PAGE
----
Modèles statistiques pour l'analyse des modalités d'imagerie par résonance magnétique ASL et BOLD pour étudier le fonctionnement et les maladies cérébrales.


Speciality : Mathématiques Appliquées

19/12/2016 - 14:00 Mme Aina Frau-Pascual Auditorium - RDC - Batiment IMAG

Keywords :
  • ASL
  • BOLD
  • Bayesian models
  • MCMC
  • VEM
Functional and perfusion imaging modalities are closely related since they both measure, directly or indirectly, blood flow in the brain. Functional Magnetic Resonance Imaging (fMRI) using the blood oxygen level dependent (BOLD) contrast exploits the magnetic properties of blood (oxy- and deoxyhemoglobin) to measure local changes in blood oxygen concentration in the brain. The neurovascular coupling allows us to infer brain function from fMRI images.  Perfusion MRI images the cerebral vascular system by directly measuring blood flow. In particular, Arterial Spin Labeling (ASL) does not need contrast agents; it uses spins of endogenous water protons as a tracer instead.  Usually ASL is used to probe the basal perfusion at rest. However, in the recent years, it has also been used as a functional imaging modality (as fASL) by tracking task-related perfusion changes. In contrast to the standard BOLD fMRI, results are quantitative, making this type of data attractive for use in clinical research. 
This thesis focuses on the investigation of the fASL modality and the development of new methods to analyze it. As previously done for BOLD data, a Bayesian framework is proposed for the analysis of fASL data. It provides a way of modeling activation values and both hemodynamic and perfusion response functions as probabilistic variables in the so-called joint detection estimation (JDE) framework. Bayesian models use a priori knowledge in the estimation of unknown parameters through the specification of probability distributions. In this work, we exploit this feature to incorporate physiological information to make the estimation more robust. In particular, we use physiological models based on the balloon model to derive a link between hemodynamic and perfusion responses and we turn this link into a prior distribution to regularize the estimation of the responses. A Markov Chain Monte Carlo solution with prior physiological knowledge has been first proposed for the estimation of the quantities contained in the fMRI signal. Since the computational cost of this algorithm is very high, we then reformulate the problem to use a variational expectation maximization approach that provides a much faster algorithm with similar results. The use of priors and constraints in this setting is also more straightforward.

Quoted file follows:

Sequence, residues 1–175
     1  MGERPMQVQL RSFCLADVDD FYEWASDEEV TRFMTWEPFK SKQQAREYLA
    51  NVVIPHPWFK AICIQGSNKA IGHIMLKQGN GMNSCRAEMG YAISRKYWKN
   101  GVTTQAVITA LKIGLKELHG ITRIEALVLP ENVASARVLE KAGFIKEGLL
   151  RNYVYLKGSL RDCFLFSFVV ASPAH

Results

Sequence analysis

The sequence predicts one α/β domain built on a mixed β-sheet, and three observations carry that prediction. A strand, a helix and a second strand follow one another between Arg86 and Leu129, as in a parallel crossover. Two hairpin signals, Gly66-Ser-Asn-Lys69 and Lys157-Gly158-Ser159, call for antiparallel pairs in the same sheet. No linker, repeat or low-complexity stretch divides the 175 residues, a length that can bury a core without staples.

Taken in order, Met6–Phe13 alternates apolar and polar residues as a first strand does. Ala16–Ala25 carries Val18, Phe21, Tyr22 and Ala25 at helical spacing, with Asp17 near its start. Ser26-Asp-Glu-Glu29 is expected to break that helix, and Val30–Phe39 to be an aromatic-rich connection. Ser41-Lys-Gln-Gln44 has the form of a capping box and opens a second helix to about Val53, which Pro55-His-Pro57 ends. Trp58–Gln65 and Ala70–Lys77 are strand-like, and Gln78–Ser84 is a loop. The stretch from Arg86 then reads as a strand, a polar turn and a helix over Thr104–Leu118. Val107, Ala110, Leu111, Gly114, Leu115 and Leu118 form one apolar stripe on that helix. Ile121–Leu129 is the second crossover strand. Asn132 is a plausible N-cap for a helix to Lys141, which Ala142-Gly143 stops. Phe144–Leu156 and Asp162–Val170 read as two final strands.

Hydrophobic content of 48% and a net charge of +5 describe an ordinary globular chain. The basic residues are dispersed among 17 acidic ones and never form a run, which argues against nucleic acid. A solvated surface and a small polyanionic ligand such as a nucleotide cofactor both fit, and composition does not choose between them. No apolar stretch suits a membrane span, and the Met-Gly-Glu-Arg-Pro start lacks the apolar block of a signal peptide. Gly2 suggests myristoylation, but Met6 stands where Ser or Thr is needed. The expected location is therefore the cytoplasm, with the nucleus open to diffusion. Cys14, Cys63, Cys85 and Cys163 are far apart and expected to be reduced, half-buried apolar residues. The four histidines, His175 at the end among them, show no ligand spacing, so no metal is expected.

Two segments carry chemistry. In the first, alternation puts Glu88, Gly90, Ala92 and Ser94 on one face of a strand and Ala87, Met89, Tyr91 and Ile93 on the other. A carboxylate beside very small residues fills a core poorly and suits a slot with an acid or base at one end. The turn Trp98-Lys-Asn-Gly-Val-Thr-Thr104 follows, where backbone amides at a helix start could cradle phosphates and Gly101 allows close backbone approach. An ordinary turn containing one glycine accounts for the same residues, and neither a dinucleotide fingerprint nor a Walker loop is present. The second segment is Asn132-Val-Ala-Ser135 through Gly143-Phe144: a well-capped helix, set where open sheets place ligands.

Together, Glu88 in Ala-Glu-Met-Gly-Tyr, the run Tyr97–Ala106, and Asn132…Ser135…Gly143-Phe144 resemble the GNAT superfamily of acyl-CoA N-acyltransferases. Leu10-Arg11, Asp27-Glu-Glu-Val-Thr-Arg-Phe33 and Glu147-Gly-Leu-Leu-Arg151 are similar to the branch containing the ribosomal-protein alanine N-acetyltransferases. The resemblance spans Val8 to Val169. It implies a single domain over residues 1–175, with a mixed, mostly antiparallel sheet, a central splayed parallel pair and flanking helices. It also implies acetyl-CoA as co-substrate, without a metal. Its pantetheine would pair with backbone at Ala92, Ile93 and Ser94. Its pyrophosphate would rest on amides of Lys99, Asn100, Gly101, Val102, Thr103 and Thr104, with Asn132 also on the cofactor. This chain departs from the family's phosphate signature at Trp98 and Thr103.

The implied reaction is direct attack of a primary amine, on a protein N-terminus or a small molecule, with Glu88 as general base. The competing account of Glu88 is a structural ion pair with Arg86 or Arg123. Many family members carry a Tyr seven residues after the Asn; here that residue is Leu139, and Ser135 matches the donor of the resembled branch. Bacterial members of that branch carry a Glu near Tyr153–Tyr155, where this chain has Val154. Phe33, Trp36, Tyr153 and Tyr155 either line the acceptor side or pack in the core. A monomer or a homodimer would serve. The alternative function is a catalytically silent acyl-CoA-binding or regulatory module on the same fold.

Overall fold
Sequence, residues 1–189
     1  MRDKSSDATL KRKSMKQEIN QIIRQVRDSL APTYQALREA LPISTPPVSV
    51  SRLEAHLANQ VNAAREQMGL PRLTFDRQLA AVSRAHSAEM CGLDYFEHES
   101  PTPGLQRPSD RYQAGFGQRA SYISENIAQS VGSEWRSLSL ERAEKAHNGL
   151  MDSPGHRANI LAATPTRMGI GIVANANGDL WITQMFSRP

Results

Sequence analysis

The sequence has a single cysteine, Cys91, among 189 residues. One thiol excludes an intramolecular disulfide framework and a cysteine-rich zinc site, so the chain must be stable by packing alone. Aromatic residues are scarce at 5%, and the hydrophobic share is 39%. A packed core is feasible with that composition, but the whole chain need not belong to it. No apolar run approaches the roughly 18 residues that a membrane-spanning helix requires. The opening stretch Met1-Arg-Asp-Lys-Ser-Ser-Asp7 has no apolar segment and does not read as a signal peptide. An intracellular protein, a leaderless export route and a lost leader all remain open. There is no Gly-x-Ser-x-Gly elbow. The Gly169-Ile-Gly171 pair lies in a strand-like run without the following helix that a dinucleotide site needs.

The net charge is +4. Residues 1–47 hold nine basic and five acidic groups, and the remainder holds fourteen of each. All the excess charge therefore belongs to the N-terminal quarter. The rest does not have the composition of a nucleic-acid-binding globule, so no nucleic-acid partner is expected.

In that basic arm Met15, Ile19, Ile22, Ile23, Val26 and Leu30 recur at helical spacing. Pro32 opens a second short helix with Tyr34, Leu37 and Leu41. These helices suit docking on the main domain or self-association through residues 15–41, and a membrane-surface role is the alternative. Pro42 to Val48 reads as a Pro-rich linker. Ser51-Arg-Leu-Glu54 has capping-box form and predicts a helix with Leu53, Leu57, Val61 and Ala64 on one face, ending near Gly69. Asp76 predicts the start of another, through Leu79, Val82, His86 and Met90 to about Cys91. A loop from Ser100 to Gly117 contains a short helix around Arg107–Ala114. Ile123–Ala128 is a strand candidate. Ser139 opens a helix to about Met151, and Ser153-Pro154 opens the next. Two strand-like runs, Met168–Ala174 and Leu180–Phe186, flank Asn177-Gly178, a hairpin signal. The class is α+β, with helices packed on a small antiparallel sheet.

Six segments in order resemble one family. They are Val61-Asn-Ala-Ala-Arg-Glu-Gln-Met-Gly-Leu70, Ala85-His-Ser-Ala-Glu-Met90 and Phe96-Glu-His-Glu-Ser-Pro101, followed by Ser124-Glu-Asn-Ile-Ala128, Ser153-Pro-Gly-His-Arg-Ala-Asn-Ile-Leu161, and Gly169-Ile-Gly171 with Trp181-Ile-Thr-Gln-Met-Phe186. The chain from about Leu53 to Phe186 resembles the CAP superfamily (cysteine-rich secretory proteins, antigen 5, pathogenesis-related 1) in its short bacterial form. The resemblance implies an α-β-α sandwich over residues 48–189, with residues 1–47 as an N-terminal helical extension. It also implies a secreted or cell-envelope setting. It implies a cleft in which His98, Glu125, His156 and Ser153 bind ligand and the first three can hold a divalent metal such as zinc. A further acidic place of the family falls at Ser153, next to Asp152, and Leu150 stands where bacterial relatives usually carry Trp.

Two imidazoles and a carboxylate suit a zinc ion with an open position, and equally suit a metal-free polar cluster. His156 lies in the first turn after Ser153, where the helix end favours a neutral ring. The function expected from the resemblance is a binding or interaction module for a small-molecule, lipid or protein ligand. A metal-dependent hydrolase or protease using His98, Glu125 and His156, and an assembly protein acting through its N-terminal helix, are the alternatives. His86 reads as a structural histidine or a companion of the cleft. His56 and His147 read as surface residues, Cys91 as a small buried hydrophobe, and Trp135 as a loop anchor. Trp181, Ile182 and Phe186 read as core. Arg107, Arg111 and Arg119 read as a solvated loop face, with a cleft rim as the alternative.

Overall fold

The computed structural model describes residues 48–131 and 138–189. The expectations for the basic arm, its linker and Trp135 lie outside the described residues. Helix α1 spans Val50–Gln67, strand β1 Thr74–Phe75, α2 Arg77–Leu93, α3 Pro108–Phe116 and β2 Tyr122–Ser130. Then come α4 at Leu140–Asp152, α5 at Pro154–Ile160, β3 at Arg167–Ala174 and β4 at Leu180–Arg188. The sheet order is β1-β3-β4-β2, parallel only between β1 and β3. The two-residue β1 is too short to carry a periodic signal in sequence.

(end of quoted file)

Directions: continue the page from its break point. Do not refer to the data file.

These methods have been evaluated on two different datasets using event-related and block designs with very simple experimental tasks. We show the performance of the methods investigated in comparison to standard methods at the subject and group levels. Experimental results show the utility of using physiological priors for improving the recovery of a perfusion response function. They also demonstrate that BOLD fMRI achieves better sensitivity to detect evoked brain activity as compared to fASL although fASL gives a more localized activation, which is in line with the existing literature. From the results, we discuss the impact of the modelling of spatial correlation, as well as the impact of the estimation of temporal responses.
This work proposes new methodological contributions in the study of a relatively new fMRI modality that is functional ASL, and puts it into perspective with the existing techniques. Thus, we provide new tools for the neuroscientific community to study and understand brain function. These tools have been implemented in python in the PyHRF package.


  • Mr Philippe Ciuciu (Directeur de recherche - CEA )
  • Mme Florence Forbes (Directeur de recherche - INRIA )


  • Mr Thomas Nichols (Professeur - University of Warwick )
  • Mme Patricia Figueiredo (Professeur - Instituto Superior Técnico Universidade de Lisboa )


  • Mr Jan Warnking (Chargé de recherche - INSERM, Grenoble Institut des Neurosciences )
  • Mr Jean Yves Tourneret (Professeur - INP - ENSEEIHT Toulouse )